No, it doesn’t always get better

My nurse called me on my way to the hospital this morning and told me I had to stop at the eye clinic to redo part of the test from last week. The doctor at the clinic explained that my ocular pressure was a little high last week–not much, 22 mm Hg, the normal range is 10-21–so he needed to test the pressure again and measure the thickness of my cornea. Normal cornea, ocular pressure still 22. He tells me to ask my nurse if she wanted him to prescribe eye drops. I couldn’t get a hold of her, so I paged my oncologist. She wasn’t available, so someone else from her team called me back. Yes, he said, get him to prescribe the drops. 

So I go over to the hospital and have my blood taken and go upstairs to meet my nurse to start the trial. It’s busy and I have to wait awhile before I get a room, but I get one eventually and the oncologist taking the place of Dr. Siu came in with my nurse and started talking about the eye thing, how they didn’t know what was causing the pressure–the doctor said it’s probably not an issue, I might just have a higher than normal baseline, everything else is fine–but because the MEK inhibitor was known to cause eye problems, they had to watch out for these things, and he kept on talking without really saying anything, so I finally said, are you telling me I’m not starting the trial today? and he said that was right, but that maybe with the drops, if the pressure goes down, I can start next week, and again spoke without saying anything until I said, you’re saying that even if the pressure goes down, I might not be accepted for the trial at all, and he said, well, the drugs aren’t approved yet, they are still investigational right now and so they have to be careful and they don’t bend on the eligibility guidelines, but we might be able to make a case, but you know it’s ‘first, do no harm’ and I argued that while the drug may harm my vision, the cancer will definitely harm me to death, so what about that? and I said all that as I was putting on my coat because after I heard I wasn’t starting the study today, I just wanted to get out of there.

Then I was crying in the elevator and some woman got on and said, it will get better, it always does, it doesn’t feel like it, but it gets better, and I laughed and looked up at the ceiling and said, no, it doesn’t, and she just said it again, it doesn’t feel like it, but it does get better and I insisted once again that she didn’t have any idea what she was talking about.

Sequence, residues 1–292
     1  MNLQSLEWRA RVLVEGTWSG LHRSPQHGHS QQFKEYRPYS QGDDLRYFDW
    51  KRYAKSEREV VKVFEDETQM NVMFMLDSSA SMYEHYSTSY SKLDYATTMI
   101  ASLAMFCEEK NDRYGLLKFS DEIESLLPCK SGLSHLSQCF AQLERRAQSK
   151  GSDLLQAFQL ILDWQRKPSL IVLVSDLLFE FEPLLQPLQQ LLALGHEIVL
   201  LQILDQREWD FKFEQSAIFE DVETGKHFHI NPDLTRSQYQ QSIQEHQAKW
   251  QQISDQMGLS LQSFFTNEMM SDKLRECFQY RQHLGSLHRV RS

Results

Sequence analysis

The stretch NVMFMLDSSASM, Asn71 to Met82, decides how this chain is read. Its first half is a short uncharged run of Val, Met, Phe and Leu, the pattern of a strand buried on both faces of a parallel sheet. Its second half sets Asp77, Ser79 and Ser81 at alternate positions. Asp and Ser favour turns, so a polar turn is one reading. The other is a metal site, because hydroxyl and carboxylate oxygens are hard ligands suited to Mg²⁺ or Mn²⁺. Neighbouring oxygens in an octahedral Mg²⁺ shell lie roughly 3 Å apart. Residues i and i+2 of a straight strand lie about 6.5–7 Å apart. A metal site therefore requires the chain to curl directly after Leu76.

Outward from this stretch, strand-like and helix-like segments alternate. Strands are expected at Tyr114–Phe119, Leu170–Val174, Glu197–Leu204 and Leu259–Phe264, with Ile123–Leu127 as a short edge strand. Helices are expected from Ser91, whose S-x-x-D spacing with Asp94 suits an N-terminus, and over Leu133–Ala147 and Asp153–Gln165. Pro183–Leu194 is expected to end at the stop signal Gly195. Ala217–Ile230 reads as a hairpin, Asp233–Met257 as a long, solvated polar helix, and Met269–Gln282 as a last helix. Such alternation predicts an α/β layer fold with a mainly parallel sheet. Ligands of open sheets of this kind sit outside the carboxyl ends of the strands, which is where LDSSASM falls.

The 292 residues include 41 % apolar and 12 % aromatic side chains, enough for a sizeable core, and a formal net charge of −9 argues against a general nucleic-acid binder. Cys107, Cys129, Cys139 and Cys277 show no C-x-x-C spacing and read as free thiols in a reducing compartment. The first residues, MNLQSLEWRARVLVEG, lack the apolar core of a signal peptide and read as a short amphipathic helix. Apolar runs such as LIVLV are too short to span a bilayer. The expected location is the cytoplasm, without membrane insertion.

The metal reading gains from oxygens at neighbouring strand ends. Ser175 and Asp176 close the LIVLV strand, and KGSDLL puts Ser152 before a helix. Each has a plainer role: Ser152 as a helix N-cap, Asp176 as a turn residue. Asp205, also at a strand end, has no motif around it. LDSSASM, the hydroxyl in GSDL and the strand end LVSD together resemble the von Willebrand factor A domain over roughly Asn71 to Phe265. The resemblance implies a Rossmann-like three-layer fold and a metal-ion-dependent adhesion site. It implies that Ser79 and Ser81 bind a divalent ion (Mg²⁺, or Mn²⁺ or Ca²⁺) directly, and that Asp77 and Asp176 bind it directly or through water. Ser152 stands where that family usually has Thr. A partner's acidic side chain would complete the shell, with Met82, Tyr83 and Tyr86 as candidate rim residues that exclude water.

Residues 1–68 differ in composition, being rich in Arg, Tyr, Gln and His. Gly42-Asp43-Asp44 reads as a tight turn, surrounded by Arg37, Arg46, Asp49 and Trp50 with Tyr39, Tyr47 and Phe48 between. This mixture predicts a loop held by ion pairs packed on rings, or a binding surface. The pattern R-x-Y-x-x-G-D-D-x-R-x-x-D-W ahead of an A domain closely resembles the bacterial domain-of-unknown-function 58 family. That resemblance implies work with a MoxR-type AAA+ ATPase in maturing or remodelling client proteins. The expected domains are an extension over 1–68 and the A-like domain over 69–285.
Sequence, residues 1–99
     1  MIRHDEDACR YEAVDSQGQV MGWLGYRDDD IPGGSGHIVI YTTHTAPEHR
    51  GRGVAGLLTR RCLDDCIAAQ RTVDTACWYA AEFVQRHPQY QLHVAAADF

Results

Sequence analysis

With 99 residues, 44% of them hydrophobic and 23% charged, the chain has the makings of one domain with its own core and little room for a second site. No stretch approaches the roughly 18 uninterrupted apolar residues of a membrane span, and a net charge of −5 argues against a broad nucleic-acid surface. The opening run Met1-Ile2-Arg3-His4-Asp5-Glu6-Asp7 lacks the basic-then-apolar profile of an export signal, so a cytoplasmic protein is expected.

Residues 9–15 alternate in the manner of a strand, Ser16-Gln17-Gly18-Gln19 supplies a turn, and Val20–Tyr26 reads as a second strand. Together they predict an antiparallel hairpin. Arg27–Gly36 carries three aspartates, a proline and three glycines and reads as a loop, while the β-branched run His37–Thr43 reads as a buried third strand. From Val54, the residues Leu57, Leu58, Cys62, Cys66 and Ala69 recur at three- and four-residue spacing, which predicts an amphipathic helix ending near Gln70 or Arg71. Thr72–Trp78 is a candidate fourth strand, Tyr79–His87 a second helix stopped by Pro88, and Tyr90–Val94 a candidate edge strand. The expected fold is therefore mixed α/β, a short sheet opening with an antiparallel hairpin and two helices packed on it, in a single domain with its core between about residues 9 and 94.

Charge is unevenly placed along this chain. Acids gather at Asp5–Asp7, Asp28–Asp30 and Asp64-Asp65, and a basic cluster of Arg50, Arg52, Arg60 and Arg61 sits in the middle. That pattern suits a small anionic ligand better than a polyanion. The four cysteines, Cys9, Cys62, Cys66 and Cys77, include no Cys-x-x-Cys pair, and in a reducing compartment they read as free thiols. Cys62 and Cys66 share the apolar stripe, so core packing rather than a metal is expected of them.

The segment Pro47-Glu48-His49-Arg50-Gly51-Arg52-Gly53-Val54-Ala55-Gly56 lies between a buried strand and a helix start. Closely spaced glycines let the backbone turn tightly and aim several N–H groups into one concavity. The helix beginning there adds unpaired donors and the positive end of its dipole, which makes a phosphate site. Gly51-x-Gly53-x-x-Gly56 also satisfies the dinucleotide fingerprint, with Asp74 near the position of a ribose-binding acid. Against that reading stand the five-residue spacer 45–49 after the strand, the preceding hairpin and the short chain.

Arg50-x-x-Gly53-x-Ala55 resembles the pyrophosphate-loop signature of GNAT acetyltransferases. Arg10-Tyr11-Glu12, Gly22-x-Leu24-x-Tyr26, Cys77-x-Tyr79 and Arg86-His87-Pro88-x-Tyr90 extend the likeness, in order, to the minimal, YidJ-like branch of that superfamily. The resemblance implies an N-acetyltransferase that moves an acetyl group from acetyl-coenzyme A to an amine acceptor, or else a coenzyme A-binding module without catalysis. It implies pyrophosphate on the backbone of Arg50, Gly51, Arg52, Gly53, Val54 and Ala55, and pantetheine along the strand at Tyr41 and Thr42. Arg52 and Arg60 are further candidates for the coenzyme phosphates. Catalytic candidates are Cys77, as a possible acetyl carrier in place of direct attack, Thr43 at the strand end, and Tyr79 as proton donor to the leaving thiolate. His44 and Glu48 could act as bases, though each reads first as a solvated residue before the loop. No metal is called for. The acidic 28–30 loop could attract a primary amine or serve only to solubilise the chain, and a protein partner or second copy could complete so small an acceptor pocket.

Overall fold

When I was busy gathering my things so I could run away from the exam room, the oncologist said, we need to strategize, and I don’t know what that means exactly and I didn’t feel like playing 20 questions with him again to try to figure it out, and just said wryly (or as wryly as you can when you are sobbing), strategize what? This was my strategy. I keep failing treatments and this is the one treatment that has shown to have good response rates with my cancer and you’re telling me I might not be able to get the drug because my eye pressure is one point too high and I can’t even say that I don’t care about the risk to my eyes, that’s not even an option for me? He said Dr. Siu would call me after they talked about my case, and I said whatever and told my nurse to book me another CT scan and tell me when to show up. Then I left. 

There’s nothing I can write to convey how angry I am about this.

*Update*

My oncologist emailed the drug company. If the pressure in my eyes can be brought below 21 with the drops, they’ll let me enroll as long as I keep treating the ocular hypertension.

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About Alicia Louise

I'm a writer, editor, fact checker, storyteller, events organizer, chronically busy yet endlessly lazy, mildly neurotic (though I keep the neuroses well-hidden, one hopes) 32-year-old with recurrent ovarian cancer. I like people and good writing and straight talk. I have a hard time feeling sorry for people, including myself, but the people that I love, I love passionately; one may even say creepily. I try to keep that mostly to myself. I'd like to be charming, but I'm usually just a mess. I'm like a gull slamming into your windshield.
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6 Responses to No, it doesn’t always get better

  1. Oh God. You are so right, it doesn’t always get better. I hope this does, though – how awful being at that cliff where you’d even have to debate keeping your vision. Thanks, as always, for posting.

  2. malawson says:

    Alicia,
    You are a brilliant amazing woman. Your words tell truth. My tears and prayers are with you.

  3. Amy says:

    Alicia,
    I always love the precision in your writing- maybe because we have the same kind of cancer its not that I ignore the subject matter but it makes it easier to focus on the writing. I really don’t want to say sorry because it isn’t the right word; I think this week has been a shittacular one and I hope they can make the case for you to be on the trial drug since you and your team have moved in that direction for so long. I know there probably isn’t anything I can do to make it feel better but if you want to go out and get your mind off of things (if its possible) I would love to do something. As cheesy as this sounds- things might not work out the way we want them to but they have some way of working in a larger perspective that we can’t sometimes envision. But then again, everything I wrote could be all crap.
    I’m thinking of you and i am scheduled to be in next week a few days

  4. Anne says:

    the drugs and trials have failed you – you didn’t fail anything. I would suggest quite the contrary in fact….

  5. Connie says:

    just plain rotten

  6. Michelle says:

    Fruuuuustrating. I hope the pressure goes down enough, though.

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